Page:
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Video transcript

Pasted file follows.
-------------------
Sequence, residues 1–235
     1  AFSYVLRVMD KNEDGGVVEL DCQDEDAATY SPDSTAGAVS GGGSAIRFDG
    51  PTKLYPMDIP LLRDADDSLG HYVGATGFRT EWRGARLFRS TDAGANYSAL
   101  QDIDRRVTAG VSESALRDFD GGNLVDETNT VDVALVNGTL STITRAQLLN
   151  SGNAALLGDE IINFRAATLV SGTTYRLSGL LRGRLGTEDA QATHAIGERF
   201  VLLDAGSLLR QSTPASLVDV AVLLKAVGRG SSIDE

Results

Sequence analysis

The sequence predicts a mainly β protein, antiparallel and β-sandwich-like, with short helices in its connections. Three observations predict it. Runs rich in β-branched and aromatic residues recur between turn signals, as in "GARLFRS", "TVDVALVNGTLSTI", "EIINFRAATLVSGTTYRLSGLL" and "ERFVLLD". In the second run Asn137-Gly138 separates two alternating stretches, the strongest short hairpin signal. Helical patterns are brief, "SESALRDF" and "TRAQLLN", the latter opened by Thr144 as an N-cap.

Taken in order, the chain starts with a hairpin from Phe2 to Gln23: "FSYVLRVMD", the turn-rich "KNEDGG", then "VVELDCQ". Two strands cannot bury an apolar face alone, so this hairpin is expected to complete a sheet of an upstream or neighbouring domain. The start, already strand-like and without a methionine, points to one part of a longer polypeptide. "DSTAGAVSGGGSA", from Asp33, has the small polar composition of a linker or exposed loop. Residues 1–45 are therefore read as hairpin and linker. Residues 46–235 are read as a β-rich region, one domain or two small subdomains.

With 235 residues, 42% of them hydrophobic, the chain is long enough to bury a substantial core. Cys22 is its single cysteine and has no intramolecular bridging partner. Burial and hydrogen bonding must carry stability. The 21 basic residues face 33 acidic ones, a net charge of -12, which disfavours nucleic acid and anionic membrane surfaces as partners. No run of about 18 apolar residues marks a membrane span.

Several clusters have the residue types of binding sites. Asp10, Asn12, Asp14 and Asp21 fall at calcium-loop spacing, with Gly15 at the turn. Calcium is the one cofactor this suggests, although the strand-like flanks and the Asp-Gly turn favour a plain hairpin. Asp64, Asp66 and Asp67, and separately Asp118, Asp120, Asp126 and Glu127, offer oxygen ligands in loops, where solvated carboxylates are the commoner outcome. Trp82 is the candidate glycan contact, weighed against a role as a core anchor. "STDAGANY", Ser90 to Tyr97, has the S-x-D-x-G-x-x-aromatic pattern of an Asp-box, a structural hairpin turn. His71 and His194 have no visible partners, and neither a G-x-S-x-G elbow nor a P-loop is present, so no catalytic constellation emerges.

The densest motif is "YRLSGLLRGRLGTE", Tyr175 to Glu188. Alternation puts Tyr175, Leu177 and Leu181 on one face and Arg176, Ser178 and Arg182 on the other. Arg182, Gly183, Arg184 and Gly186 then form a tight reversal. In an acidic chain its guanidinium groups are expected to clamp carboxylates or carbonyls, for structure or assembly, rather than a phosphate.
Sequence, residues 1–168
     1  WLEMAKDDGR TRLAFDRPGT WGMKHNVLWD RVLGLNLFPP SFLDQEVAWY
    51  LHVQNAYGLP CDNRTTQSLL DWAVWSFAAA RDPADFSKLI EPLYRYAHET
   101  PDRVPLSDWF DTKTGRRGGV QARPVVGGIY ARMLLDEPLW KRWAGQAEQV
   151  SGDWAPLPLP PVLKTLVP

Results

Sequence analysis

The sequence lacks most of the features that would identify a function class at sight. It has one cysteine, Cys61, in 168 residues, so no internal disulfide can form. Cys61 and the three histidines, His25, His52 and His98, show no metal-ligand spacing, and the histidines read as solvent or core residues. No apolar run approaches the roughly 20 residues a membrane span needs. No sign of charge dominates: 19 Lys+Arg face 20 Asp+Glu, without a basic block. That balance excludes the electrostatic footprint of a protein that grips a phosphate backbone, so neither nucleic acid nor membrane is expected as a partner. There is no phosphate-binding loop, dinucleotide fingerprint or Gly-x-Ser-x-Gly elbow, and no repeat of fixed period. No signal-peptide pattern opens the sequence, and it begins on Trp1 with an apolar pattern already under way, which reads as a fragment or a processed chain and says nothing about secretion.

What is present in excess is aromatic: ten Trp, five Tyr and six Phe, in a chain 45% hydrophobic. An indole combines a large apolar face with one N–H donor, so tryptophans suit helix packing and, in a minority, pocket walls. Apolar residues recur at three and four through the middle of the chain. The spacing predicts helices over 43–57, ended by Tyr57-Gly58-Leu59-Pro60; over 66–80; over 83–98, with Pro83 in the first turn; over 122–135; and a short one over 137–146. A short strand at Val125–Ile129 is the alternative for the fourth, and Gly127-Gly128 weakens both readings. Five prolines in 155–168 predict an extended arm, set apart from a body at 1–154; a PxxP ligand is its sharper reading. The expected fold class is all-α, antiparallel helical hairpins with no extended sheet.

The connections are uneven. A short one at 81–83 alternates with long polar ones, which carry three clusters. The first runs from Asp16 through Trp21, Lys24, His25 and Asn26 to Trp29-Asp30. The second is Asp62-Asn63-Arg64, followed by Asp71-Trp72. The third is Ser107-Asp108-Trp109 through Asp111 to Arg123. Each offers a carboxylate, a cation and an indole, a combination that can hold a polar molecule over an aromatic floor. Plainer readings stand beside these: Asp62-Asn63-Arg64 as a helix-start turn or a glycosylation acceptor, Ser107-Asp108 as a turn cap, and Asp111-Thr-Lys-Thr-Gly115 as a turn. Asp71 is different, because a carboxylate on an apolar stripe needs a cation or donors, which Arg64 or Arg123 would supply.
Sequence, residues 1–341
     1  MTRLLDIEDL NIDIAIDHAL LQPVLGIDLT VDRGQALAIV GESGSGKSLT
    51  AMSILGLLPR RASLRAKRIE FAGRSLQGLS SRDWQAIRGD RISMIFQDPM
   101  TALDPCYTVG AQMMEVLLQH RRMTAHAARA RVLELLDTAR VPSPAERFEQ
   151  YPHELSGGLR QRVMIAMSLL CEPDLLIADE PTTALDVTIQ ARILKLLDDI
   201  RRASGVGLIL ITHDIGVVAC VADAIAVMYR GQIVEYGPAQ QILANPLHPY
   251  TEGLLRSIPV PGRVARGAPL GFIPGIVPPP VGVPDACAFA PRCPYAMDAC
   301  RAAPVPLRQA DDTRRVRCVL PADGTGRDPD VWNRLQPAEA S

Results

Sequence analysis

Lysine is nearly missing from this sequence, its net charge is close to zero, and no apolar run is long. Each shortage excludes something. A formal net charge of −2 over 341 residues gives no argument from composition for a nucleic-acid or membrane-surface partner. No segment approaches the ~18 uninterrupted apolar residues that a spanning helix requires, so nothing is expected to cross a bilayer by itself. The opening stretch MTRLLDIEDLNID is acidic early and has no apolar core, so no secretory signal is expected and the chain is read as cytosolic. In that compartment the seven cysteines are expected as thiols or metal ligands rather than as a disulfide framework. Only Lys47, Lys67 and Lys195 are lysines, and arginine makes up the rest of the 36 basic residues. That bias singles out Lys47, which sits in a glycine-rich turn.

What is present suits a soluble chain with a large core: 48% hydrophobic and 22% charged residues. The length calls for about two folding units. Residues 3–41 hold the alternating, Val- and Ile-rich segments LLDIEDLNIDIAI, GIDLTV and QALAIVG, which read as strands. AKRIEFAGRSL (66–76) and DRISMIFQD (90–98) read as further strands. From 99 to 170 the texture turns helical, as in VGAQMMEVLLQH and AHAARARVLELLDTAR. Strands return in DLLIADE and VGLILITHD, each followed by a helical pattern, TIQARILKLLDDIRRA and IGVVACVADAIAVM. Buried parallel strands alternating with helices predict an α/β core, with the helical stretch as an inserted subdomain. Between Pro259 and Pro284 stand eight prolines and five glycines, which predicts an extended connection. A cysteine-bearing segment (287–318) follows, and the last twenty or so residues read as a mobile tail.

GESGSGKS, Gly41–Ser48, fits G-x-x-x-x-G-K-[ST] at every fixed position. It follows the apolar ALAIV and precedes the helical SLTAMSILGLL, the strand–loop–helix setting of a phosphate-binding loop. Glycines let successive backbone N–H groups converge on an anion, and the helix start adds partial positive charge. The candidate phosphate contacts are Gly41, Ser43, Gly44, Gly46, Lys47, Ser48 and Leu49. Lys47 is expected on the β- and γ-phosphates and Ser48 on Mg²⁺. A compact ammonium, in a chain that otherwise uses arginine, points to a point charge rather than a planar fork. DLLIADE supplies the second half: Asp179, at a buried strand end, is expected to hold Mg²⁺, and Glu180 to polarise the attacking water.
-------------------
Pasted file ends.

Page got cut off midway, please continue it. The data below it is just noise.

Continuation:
Now that you have a sense of our character design process, in the next few videos we're gonna dive deeper into how we bring characters to life via audio-animatronics. The phrase "animatronic figures" was invented by Walt Disney in the early 60s, by combining the words animation and electronics. Most robots, especially industrial robots, are designed to do a task, like welding a car or assembling electronic circuit board. Animatronic figures are designed to create expressive performances. Animatronic characters consists of four main components. Armatures, that play the role of the skeleton and a real character and define how a character will move. Actuators, that play the role of the muscles, that create motion. Sensors, that play the role of nerves and provide the character with information about the physical world around them. And a control unit, that plays the role of the character's brain. This video will focus on armatures - the skeleton of the character. An armature is typically an assembly consisting of segments connected together at joints, allowing the character to move in different ways. Each individual motion that the armature is capable of is known as a degree of freedom, also known as a function. For instance, my armature, that is my skeleton, lets me bend my elbow. So that's a function. It also lets me twist my wrists, so that's another function. Wrist in out, wrist forward back, wrist twist, those are three of our standard functions. So Jake has five functions, he's got the ability to nod his head, he has the ability to tilt his head, he has the ability to turn his head, and then he's got the ability to drive backward and forward and the ability to turn as he drives. Some more complicated mechanisms are typically found where you need several motions within one small joint or one space. So a wrist has three degrees of freedom. Mouth corners, we want to move up down, In out. The expressive Chaman face was a whole challenge and a whole system within itself. To get it to move through a full range of expression from smiling to grimacing - a very wide range of expression. So basically we have two motors that work together. In order to move a single point up down, in out. We actually had to invent a new function that had never been used before on any animate animated figure. I think we called it the nose scrunch, because Davey Jones has to wrinkle up his nose when he's talking because the squid skin is very rubbery, and it has to pull up. And he, for him to look angry he has to go "ERRR." And so we have a function actually pulls up on his cheeks, and his nose, and makes it like he's doing this. You have to try to optimize for getting the most out of the least amount of functionality. The fingers going to move, Is the finger gonna do this? Is the hand gonna do this? Is the hand gonna do that? Every one of those things has a function, and that requires an actuator, which requires wires, which requires sensors, which requires design, and work, and a space to package all of those things. So, you have to design your character very carefully with the things that you really need to tell your story and eliminate the things that you don't need to tell your story. So you don't want to oversimplify, and then it starts to look robotic and stiff. Right? But you want to have it just as much as it needs to be, to accomplish the creative goal and relate back to the overall story. And then the animation that we do with the audio animatronics It's just icing on the cake. You should be able to tell what the character is thinking and feeling if the figure was completley static. Before we build anything out of plastic or metal, we always, always, always start with one or more proof-of-concept prototypes. Prototypes are a way to demonstrate how a character will perform. Using simple materials that let us iterate rapidly and work fast. And you start with building a toy. Prototypes do not have to be fancy. Even at Imagineering R&D, we will often build prototypes out of cardboard, popsicle sticks. So you have popsicle sticks with little pushpins as your linkages, and you can just swing and move them to see how your final motion will look like. Paper clips. binder clips. Legos, in order to kind of build up that armature or to see how things can package together. Whatever we have lying around,. What's important is to get the idea out of your head and onto the table as quickly as possible, so that you can talk about it, iterate, change, and improve. One of the things we were kind of asking ourself with tiny life is how much could we do with with just a little. We built a super simple mock-up, which is this little guy right here. And he's truly a collection of parts from a hardware store, wooden dowels, the roller ball heads that we cut off liquid deodorant bottles, and we kind of slapped all this together with some scrap fur that we have found to make this character. And you know, again, not a huge amount of functions, but we got a lot of information out of him. We would do studies where we had a puppeteer who would puppet him. We would film all of it and then we would go back and we would look at what pieces of the motion did we really think bring this character to life. And what that helped us do is figure out how do we design the final animatronic now that we've seen a bunch of different motion studies, we can figure out what features are important, what features do we maybe not really need. And from there we can make great informed decisions on how to build the final figure. It's important to remember that when coming up with the prototype, rapid iteration, trying versions over and over, is key. Nothing ever works the first time, believe me. In the next exercise, you'll have a chance to prototype a simple armature for a character of your own design. Have fun!